Hundreds of immigrants staying at temporary shelters have been moved to North Side lakefront neighborhoods over the past few days.
The change comes just as City Colleges campuses — where hundreds have been staying over the summer — prepare to reopen for the fall semester, and as Lollapalooza returns to Grant Park on Thursday.
About 550 immigrants staying at Daley College on the South Side and at Wilbur Wright College on the Northwest Side were moved to the American Islamic College, in the 600 block of West Irving Park Road, according to the Office of Emergency Management and Communications.
According to OEMC, more than 100 people staying at the 1st District police station in the South Loop, about two miles from Grant Park, were moved to the Broadway Armory Park Fieldhouse in Edgewater, a decision that was the subject of community pushback by some residents.
A spokesperson for OEMC said the move aligned with the city’s goal of moving immigrants from police stations into shelters, although a volunteer who works with the immigrants at the 1st District said they did “the same thing during NASCAR.”
A spokesperson for Mayor Brandon Johnson echoed OEMC, saying transferring the migrants was planned in advance and not related to the influx of people headed to Grant Park for Lollapalooza.
“This move is not contingent upon any event, and is consistent with the City’s overall effort to move all new arrivals out of Chicago police stations and into shelters,” the spokesperson said in a statement from the mayor’s office.
Before the immigrants were moved from the South Loop police station to the North Side shelter, almost 1,000 were staying at police district stations throughout the city. About 5,500 were in city shelters.
Since buses sent by Texas Gov. Greg Abbott fueled an influx of migrants arriving in Chicago last spring, the city has grappled with how to best shelter them. Shelters and welcome centers have cropped up throughout the summer, but some are running out of resources and struggling to meet demand.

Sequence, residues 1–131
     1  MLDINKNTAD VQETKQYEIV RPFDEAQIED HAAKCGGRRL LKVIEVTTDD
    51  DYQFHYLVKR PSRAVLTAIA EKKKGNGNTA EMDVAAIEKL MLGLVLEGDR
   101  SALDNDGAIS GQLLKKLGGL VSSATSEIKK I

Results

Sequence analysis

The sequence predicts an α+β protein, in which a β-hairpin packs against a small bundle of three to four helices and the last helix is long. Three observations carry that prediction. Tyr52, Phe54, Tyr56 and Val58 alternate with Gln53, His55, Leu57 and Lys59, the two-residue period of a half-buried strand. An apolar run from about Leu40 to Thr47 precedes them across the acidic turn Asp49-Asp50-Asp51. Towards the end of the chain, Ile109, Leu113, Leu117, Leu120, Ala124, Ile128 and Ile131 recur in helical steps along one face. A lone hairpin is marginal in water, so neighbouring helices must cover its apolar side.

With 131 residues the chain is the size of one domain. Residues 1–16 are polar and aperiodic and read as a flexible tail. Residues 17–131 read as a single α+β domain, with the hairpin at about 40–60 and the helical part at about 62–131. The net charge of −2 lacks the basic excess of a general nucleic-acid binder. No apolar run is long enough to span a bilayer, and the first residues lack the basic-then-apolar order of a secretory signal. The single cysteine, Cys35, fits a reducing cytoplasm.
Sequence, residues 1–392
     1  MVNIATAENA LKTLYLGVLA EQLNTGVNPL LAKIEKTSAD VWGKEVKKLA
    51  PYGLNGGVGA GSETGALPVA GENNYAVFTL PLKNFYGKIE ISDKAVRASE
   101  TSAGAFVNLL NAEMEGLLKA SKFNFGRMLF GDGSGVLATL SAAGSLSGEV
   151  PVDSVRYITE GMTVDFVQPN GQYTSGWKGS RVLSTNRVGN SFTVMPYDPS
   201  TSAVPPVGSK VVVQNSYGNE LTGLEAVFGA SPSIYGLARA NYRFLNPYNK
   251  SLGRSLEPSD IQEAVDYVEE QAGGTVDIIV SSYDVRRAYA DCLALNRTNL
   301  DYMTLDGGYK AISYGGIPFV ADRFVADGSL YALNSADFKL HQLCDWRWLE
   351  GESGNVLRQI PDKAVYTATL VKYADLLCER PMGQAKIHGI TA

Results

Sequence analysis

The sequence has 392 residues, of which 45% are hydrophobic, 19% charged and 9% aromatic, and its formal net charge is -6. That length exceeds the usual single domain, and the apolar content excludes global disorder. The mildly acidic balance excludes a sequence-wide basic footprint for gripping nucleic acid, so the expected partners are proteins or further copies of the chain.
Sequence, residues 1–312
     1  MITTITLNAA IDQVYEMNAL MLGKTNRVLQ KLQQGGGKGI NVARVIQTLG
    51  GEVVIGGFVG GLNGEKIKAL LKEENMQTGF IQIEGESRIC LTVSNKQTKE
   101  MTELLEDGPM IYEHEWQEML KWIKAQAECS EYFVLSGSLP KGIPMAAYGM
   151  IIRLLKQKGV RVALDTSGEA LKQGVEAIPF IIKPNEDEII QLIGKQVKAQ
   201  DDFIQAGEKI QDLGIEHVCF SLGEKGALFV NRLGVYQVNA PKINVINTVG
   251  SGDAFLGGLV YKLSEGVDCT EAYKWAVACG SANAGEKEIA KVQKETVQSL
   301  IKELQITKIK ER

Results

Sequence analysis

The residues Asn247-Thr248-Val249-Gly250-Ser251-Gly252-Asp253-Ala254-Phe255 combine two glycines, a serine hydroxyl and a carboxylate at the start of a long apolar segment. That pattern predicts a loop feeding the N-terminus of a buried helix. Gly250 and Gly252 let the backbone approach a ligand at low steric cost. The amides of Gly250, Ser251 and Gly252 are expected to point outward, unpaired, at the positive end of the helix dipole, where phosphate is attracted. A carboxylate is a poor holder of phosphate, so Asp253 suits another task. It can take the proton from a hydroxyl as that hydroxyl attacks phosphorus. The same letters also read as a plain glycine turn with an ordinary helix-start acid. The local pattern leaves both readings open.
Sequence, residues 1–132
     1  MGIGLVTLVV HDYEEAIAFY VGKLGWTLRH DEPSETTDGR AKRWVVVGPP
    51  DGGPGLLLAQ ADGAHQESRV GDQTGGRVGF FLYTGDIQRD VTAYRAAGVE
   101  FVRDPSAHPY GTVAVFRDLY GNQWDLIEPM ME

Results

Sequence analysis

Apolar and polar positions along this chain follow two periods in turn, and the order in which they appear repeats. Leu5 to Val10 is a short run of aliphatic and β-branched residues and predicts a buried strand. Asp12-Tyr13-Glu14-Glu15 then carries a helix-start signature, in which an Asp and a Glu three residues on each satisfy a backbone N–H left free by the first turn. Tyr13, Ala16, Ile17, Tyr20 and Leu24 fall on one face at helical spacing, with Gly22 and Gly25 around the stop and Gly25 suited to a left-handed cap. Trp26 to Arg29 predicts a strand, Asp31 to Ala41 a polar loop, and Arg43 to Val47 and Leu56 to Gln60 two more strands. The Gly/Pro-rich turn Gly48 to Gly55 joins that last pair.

Allegations of sexual misconduct involving migrants have surfaced against police officers, including one who allegedly impregnated a teenage girl who immigrated to the city. The accusations drew the criticism of activists who decried the ability of the Civilian Office of Police Accountability to investigate such claims.
Now migrants are being moved once again as activists and the city work to keep migrants housed and safe with limited resources.
Josimar Goyo and Brayan Hernandez, a pair of relatives who made the trip from Venezuela together, were among those moved to the new American Islamic College shelter in Uptown from Wilbur Wright. They were moved Monday, said Hernandez, 20, and had taken a liking to it so far.
“It’s really great here,” said Goyo, 26. “There’s good food, hot water, I like it.”
The biggest improvement the pair said was the improved privacy of moving from rooms shared by hundreds of people to rooms shared among a handful of families.
Some items were discarded as migrants prepared to move, and although some people criticized the move as insensitive, 40th Ward Ald. Andre Vasquez said in a tweet that the items were mattresses or expired.
The move from the South Loop police station drew some attention after a video circulated on Twitter of city workers disposing of beds and other donations inside a city garbage truck, but Juan-Antonio Montesinos, a lead volunteer at the station, said that was expected.
“The city had to do it because we’re not able to move all the crap that people drop off there,” Montesinos said.
He said he had been volunteering since March and that people dropping off donations at police stations had good intentions but could be more helpful if they coordinated with volunteers on what was needed.
He said the volunteers had opened a “free store” in Bridgeport where immigrants could come and choose donated items to take home with them. To donate call (773) 254-6677.
Onomi, a native of Venezuela who gave only her first name, was among those moved from the police station to the North Side field house. It was her third place to stay in Chicago, after first being at O’Hare International Airport and then the station.
“I’m grateful to have a roof over my head,” she said. “But I’m tired.”
She complained about her and her daughter being shunted around without a regular chance to shower or have hot food. She doubted she would be able to sleep at the new temporary shelter either, showing a reporter a photo of a room lined with cots.
Another immigrant at the field house was also dismayed by the moves but didn’t mind the light packing they were allowed on the move to the North Side.
“We brought nothing because we have nothing,” she said with a laugh.
Michael Loria is a staff reporter at the Chicago Sun-Times via Report for America, a not-for-profit journalism program that aims to bolster the paper’s coverage of communities on the South Side and West Side.